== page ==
Detour at the Light

The public has spoken: custom-made glass light fixtures are in demand. All you have to do is look at the prices on some of the lamps at Design Within Reach or its equivalent to see that people are eager to drop a lot of cash on their "house jewelry". Over the years I've made a replacement pendant or two, but I have consciously avoided the lighting category of glass-ware for several reasons. One reason is that there is a huge layout in time and money up front to familiarize yourself with all of the hardware and fittings that are available from the many companies, and which parts/sizes are compatible with other parts/pieces. Second, there is that whole electricity thing, and all the safety issues surrounding it. Third, and most vexing in my opinion, is the intimate specificity that people have surrounding their lighting whims, conditions, and existing fixtures and structural layouts. To be frank, folks can get really particular...

deco Pendants 2
Deco pendants 1

There are interesting aspects of glass light-making however. The thing I find most interesting, of course, is the potential for dramatic and dazzling optical effects, combined with the endlessly fascinating interplay between qualities of reflected and transmitted light. Add the entire color spectrum to nerd out on, and you have the recipe for some small amount of fun.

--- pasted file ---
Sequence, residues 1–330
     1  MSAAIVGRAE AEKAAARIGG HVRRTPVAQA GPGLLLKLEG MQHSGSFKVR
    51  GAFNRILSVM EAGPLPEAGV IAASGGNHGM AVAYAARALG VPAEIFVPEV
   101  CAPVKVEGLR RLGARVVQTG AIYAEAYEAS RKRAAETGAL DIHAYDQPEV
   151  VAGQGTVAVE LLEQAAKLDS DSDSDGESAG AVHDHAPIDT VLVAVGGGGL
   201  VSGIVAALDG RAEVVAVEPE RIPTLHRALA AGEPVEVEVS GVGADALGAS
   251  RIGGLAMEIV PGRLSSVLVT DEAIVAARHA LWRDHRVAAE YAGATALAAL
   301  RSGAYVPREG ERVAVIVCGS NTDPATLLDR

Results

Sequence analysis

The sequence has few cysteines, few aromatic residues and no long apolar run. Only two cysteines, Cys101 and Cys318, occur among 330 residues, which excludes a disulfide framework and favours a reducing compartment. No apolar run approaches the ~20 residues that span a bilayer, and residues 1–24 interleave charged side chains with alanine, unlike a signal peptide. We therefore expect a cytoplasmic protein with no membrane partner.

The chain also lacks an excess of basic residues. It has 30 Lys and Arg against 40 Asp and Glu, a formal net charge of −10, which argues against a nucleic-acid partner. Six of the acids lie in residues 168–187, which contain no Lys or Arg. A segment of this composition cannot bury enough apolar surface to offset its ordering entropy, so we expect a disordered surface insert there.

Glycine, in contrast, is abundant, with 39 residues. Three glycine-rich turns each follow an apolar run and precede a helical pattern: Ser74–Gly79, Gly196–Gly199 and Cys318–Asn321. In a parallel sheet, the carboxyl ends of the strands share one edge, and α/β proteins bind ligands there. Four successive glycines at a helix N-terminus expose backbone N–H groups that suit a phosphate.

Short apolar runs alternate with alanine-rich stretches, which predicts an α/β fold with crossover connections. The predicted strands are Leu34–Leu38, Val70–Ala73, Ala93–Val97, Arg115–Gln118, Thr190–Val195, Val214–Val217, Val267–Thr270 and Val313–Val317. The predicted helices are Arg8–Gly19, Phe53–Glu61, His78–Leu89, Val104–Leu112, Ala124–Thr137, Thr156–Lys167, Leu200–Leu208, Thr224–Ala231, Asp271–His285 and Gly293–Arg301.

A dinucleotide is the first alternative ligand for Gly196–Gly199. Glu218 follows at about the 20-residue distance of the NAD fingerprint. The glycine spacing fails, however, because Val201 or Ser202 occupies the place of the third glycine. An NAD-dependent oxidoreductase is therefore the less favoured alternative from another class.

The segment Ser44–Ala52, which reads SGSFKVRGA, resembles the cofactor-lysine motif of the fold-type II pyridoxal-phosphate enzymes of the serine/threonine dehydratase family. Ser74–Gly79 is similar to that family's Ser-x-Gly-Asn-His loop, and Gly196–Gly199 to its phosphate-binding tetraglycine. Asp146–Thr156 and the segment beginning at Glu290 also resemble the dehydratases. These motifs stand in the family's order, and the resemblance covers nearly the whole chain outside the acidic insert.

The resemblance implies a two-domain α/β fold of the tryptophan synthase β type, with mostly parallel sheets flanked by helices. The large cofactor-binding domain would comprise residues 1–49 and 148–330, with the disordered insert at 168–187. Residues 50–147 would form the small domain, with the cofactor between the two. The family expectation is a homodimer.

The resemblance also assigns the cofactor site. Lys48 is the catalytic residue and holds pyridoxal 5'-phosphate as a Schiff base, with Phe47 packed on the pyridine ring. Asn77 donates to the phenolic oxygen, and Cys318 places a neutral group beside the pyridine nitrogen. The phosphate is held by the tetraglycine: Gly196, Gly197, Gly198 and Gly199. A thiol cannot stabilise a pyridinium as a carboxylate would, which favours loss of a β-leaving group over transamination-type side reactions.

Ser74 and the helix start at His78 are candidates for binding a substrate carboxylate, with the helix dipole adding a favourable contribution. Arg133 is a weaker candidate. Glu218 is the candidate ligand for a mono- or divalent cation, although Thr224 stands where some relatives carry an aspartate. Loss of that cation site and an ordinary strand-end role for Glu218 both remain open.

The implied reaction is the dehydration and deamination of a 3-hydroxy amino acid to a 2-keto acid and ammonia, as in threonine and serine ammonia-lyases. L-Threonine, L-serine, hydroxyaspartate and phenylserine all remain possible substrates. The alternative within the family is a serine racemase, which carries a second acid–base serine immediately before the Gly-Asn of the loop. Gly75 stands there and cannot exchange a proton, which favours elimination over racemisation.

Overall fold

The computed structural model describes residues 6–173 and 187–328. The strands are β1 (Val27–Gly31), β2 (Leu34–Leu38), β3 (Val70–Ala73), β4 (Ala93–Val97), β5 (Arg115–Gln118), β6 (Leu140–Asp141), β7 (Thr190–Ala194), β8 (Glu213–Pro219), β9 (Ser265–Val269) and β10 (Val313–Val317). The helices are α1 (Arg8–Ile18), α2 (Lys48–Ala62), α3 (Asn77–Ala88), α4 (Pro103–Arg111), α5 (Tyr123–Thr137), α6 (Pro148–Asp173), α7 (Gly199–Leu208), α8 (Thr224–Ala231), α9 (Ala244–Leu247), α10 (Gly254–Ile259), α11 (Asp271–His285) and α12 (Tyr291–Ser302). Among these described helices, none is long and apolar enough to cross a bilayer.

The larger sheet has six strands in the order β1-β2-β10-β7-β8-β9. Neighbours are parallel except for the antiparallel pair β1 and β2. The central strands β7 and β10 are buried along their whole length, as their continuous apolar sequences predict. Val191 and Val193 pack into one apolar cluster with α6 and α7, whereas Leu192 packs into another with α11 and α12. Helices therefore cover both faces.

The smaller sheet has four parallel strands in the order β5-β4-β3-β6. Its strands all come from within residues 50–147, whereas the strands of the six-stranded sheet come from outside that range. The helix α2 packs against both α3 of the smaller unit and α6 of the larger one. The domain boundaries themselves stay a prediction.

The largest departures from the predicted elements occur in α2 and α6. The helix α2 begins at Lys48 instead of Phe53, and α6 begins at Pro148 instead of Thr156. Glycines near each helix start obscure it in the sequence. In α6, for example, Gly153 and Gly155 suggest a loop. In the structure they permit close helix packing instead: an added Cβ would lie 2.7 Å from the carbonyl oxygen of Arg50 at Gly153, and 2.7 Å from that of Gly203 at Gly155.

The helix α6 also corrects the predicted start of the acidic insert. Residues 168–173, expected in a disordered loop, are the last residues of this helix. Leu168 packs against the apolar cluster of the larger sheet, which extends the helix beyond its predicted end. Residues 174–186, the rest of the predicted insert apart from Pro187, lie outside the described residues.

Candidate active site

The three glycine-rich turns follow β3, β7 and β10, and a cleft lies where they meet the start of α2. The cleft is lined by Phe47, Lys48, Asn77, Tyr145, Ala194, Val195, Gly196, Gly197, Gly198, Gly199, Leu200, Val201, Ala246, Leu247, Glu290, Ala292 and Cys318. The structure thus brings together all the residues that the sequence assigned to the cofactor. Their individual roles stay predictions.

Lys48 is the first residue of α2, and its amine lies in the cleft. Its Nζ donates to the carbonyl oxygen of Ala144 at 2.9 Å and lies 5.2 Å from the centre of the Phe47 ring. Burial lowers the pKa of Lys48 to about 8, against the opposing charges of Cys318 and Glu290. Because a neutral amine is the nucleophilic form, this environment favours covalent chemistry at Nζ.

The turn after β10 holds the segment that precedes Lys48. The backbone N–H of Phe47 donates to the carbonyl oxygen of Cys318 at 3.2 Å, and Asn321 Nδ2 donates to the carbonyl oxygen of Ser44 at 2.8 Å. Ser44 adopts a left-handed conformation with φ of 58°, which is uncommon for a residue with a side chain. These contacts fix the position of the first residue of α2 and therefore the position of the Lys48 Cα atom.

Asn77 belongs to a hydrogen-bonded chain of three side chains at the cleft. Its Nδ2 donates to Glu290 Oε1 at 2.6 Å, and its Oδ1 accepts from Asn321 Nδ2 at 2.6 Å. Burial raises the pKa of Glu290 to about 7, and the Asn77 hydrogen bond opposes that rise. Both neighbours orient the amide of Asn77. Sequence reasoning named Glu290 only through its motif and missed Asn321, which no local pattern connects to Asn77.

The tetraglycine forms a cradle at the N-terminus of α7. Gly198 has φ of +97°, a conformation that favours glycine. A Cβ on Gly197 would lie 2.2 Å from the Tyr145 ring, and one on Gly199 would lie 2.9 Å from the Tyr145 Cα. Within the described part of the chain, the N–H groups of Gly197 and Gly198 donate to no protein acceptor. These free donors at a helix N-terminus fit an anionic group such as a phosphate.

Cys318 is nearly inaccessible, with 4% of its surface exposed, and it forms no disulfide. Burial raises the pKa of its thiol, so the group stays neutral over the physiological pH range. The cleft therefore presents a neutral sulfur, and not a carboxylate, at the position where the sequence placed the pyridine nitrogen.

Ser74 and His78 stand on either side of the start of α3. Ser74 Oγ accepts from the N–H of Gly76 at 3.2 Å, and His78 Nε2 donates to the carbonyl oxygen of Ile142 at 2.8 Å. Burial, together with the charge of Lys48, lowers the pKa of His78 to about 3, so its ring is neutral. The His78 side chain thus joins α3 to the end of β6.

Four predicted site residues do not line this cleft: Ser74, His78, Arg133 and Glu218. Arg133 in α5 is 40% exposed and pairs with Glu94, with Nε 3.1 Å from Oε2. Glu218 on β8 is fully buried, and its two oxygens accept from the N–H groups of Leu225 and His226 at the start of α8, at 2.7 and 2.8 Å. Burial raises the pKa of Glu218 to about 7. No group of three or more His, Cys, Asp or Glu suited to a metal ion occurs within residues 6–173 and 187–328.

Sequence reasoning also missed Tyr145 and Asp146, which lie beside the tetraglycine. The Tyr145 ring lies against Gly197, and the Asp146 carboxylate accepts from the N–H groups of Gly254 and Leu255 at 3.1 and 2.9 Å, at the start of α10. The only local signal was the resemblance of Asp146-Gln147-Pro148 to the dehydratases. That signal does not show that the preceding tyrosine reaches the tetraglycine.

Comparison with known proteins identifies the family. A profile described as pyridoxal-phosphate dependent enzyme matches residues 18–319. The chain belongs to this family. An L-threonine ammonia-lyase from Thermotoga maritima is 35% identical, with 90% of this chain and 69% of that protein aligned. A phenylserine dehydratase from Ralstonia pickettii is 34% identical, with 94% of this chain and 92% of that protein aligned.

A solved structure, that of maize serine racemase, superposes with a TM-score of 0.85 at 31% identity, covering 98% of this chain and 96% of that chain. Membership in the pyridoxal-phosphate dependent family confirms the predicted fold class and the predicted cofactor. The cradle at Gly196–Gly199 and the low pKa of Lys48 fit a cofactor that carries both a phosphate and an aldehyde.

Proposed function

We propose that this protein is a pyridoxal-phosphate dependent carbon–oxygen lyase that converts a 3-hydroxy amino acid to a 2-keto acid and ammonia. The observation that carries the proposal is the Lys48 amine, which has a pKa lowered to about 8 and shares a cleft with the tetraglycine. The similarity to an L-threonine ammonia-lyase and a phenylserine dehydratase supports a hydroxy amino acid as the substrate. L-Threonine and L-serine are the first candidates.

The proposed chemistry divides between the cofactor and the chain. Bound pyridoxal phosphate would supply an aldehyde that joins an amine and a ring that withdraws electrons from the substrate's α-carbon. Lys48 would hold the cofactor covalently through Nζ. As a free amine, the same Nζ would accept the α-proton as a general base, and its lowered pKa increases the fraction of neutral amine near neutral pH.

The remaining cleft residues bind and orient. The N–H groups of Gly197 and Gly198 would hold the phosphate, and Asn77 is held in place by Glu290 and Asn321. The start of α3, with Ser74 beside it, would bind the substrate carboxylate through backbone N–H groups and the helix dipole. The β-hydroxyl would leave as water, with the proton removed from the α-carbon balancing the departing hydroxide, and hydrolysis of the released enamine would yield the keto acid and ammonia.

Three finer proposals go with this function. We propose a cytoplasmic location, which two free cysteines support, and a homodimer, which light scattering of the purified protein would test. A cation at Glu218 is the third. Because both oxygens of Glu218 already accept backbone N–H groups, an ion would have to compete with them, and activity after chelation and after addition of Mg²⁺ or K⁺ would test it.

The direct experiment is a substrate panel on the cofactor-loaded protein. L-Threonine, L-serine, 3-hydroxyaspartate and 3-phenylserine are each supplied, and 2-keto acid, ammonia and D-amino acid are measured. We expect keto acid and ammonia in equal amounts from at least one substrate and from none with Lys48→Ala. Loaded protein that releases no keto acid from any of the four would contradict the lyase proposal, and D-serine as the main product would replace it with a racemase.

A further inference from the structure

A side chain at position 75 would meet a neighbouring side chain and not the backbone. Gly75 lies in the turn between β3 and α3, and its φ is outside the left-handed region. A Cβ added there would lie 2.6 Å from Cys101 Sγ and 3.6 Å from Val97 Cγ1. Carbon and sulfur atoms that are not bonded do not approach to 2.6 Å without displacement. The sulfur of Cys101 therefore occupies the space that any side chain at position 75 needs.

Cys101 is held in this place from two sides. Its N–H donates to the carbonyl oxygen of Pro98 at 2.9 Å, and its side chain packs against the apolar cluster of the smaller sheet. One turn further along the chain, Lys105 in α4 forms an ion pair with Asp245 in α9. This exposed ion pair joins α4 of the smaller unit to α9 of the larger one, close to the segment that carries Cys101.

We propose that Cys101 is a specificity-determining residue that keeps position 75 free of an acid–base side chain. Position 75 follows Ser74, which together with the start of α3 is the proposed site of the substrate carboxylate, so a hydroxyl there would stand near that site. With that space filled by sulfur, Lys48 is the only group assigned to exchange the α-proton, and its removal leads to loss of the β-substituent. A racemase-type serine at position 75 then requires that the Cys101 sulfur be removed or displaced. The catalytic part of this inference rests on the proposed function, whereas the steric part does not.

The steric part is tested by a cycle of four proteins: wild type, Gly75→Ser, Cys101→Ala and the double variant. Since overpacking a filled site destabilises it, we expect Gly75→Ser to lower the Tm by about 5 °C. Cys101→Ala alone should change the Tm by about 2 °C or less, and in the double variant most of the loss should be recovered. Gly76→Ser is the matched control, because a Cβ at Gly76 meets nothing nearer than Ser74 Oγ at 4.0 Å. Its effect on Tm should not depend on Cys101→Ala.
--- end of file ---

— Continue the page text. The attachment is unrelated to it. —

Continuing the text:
teardrop pendants1.jpg
teardrop pendants 2

The "deco" pendants In the first two pictures come with pre-wired interchangeable colored cord sets, in any color. The bulbs are 10" long Edison filament bulbs in 40 and 60 watts. The filaments dance around a little in a charming manner. The teardrop pendants, above, are wired by myself with unfinished steel and antiqued bronze hardware. The bulbs are half-gold and come in 40 and 60 watts. These look good hanging up fairly high above, where the filaments are not glaring in your eyes. The range of glass colors is vast- I've been playing with some more muted ones with fun names like tourmaline, aubergine, smoky-topaz, and gold amethyst. Stop by the studio or the Portland Museum of Contemporary Craft and check 'em out! We'll see where this road leads us!